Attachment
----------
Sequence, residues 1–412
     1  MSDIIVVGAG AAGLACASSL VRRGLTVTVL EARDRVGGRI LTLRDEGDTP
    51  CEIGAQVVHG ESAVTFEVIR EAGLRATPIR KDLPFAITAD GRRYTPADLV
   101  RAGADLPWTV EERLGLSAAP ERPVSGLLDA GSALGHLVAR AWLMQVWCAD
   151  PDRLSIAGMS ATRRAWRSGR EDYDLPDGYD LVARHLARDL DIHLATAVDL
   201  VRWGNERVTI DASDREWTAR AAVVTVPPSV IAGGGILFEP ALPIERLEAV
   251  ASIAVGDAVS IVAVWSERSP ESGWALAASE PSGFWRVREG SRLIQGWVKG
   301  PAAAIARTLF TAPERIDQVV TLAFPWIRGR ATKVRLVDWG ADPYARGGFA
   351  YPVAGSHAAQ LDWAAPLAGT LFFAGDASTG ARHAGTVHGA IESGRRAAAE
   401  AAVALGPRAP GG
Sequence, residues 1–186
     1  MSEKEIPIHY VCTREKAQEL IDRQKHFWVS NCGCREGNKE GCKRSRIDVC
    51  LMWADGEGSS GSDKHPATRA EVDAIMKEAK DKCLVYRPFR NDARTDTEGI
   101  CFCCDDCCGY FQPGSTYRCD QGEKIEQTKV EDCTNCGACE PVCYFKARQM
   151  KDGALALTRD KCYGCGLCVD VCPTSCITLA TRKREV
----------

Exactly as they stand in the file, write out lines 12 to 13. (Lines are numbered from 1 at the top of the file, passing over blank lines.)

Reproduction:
     1  MSEKEIPIHY VCTREKAQEL IDRQKHFWVS NCGCREGNKE GCKRSRIDVC
    51  LMWADGEGSS GSDKHPATRA EVDAIMKEAK DKCLVYRPFR NDARTDTEGI